FILED: March 20, 2003






00P 1450; A115721

Appeal from Circuit Court, Polk County.

William M. Horner, Judge.

Argued and submitted February 7, 2003.

Clayton C. Patrick argued the cause and filed the briefs for appellants.

Norman F. Webb argued the cause for respondents. With him on the brief was Webb, Martinis & Hill.

Before Edmonds, Presiding Judge, and Kistler and Schuman, Judges.




Plaintiffs appeal from an order denying their motion to set aside a judgment. They argue that the trial court abused its discretion in holding that their failure to file a response to defendants' summary judgment motion was not excusable neglect. We affirm.

Plaintiffs filed an action against defendants in August 2000, alleging breach of contract and unlawful debt collection. On March 9, 2001, defendants moved for summary judgment. Defendants served their summary judgment motion on plaintiffs' counsel at the address listed in the Oregon State Bar annual membership directory, as they had done with all other documents served on plaintiffs. When plaintiffs failed to respond to defendants' motion, the trial court granted the motion and entered judgment in defendants' favor on April 18, 2001.

On May 18, 2001, plaintiffs filed a motion for relief from judgment. Their trial counsel filed an affidavit in support of the motion. In the affidavit, counsel asserted that defendants had served him with their summary judgment motion at the wrong address. He explained that he no longer received his business mail at the post-office box that defendants had used, although his wife checked that box occasionally. Despite the change in address, counsel acknowledged that he had received defendants' summary judgment motion in time to respond and that he had in fact prepared a response to it. (1) He could not explain, however, with any certainty why neither the trial court nor defendant's counsel had received his response. Plaintiffs' counsel stated in his affidavit that "[i]t was [his] belief that the [response to the summary judgment motion] was mailed to Polk County Trial Court Records on or about March 26, 2001."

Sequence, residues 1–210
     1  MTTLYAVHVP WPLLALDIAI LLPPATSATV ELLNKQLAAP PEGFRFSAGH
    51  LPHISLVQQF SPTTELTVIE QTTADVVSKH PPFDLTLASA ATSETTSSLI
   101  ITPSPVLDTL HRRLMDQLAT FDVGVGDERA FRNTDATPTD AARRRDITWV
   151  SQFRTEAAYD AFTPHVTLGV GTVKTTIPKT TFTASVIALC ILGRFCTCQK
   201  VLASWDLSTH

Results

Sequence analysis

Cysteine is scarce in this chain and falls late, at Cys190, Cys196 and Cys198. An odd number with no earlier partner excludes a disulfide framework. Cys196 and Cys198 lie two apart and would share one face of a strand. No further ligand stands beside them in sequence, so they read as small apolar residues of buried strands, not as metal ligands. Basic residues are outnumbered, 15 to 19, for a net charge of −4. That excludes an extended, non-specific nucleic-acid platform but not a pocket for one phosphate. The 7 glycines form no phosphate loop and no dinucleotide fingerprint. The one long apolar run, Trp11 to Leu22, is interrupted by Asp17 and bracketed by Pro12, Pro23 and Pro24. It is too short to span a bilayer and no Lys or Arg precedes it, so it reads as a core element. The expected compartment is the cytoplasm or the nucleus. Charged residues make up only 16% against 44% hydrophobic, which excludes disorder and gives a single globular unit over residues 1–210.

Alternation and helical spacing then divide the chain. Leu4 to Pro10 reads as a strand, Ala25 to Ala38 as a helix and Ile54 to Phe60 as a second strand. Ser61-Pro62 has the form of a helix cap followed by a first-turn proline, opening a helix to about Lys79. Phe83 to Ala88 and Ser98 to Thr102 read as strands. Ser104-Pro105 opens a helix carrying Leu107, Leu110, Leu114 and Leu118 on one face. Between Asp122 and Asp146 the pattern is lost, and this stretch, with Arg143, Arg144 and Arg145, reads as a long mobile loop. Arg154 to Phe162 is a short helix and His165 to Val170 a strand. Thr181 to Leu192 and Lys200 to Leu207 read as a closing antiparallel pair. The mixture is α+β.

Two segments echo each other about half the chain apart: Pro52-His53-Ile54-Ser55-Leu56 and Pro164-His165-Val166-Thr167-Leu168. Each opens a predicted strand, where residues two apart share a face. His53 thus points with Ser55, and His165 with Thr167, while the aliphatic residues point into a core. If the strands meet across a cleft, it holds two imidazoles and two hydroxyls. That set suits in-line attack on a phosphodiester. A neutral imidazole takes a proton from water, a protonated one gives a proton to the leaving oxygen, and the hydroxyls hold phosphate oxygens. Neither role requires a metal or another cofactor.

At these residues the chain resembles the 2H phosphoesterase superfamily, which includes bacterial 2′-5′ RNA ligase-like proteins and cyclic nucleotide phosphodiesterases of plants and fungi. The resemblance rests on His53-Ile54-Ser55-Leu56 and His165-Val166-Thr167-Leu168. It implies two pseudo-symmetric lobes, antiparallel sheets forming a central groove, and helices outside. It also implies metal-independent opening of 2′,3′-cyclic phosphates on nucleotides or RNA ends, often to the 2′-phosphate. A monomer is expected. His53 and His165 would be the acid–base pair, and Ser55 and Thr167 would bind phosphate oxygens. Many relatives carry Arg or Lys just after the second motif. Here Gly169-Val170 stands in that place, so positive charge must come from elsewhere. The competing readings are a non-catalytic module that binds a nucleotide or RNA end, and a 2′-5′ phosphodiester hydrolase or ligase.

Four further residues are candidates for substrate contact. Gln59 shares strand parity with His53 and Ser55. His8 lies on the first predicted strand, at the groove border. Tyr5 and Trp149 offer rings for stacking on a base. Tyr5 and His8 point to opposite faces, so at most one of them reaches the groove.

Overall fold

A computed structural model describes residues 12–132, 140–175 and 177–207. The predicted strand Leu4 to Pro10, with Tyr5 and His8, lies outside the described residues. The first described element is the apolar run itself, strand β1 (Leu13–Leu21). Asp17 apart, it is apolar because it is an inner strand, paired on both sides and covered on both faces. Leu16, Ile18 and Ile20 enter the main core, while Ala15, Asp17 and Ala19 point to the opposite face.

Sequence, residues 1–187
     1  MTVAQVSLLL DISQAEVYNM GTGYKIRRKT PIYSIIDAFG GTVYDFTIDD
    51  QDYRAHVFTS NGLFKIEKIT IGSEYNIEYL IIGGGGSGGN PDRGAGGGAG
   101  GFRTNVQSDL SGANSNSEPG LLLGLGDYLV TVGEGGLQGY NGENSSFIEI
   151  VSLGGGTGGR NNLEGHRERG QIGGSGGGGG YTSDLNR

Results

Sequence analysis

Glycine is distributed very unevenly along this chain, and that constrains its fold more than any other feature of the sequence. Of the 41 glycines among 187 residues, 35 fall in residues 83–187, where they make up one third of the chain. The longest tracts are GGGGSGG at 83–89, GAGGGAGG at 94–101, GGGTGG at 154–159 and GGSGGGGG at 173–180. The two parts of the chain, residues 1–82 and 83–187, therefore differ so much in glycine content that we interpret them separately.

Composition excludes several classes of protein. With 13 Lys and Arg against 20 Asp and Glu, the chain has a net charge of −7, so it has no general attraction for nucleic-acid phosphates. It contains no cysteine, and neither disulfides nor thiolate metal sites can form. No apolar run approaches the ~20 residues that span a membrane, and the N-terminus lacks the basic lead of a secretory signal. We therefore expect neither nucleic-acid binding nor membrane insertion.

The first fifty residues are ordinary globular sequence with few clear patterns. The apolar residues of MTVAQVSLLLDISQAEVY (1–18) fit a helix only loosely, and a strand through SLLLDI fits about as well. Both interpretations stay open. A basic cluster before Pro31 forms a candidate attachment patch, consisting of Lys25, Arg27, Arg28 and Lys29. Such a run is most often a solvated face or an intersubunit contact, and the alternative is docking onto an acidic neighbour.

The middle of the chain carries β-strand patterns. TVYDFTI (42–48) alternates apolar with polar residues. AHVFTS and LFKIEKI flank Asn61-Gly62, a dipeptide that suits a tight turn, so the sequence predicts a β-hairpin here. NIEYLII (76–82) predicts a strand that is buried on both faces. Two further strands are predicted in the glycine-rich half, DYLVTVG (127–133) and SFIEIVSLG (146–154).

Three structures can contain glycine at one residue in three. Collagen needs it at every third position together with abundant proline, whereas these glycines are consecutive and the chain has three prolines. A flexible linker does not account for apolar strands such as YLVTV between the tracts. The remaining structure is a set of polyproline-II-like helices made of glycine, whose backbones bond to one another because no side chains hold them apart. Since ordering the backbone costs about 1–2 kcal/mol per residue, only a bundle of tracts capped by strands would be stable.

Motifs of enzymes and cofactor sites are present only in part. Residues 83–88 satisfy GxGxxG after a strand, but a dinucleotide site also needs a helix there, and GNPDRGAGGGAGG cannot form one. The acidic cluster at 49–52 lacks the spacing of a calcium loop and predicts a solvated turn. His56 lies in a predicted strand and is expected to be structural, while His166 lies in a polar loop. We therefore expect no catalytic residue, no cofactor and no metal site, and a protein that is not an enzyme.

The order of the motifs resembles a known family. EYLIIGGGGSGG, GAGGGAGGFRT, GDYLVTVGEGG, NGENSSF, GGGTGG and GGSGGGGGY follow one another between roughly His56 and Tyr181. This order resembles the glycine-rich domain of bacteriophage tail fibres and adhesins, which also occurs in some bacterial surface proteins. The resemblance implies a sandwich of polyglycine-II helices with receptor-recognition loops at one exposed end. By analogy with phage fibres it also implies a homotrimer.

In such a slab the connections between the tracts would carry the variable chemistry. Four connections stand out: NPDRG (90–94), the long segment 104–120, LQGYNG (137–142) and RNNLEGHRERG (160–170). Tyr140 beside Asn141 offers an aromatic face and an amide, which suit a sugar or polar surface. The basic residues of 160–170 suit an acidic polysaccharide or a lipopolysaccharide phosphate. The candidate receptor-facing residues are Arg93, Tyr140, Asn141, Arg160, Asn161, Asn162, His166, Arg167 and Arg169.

At the hearing on the motion for relief from judgment, plaintiffs' counsel clarified the statement in his affidavit. He said that he

"can't offer an explanation to the Court as to what happened other than the matter was in fact prepared in a timely fashion, it simply wasn't filed, and I don't know why. I haven't been able to find the originals. I don't know if they're lost in our office or if they were mailed somewhere else. I'm assuming they're lost."

Later in the hearing, counsel repeated that he "cannot offer the Court an explanation for why [the response] wasn't filed nor why a copy wasn't sent to [opposing counsel]." After considering the parties' arguments, the trial court denied plaintiffs' motion for relief from the judgment. It found that their counsel's failure to notify opposing counsel of his new address was not excusable neglect under ORCP 71 B.

On appeal, plaintiffs argue that the trial court abused its discretion in two respects. They argue initially that defendants sent their summary judgment motion to the wrong address. Plaintiff's first argument misses the mark. Even if defendants should have sent their motion to a different address, the trial court's findings make clear that plaintiffs received the motion in ample time to respond to it. Moreover, we note that defendants did not send their motion to the wrong address. Defendants served plaintiffs' counsel at the address listed in the then-current Oregon State Bar annual membership directory. Defendants' counsel was entitled to rely on that published address. See Gallogly v. Calhoon, 126 Or App 366, 370, 869 P2d 346, rev den, 319 Or 149 (1994).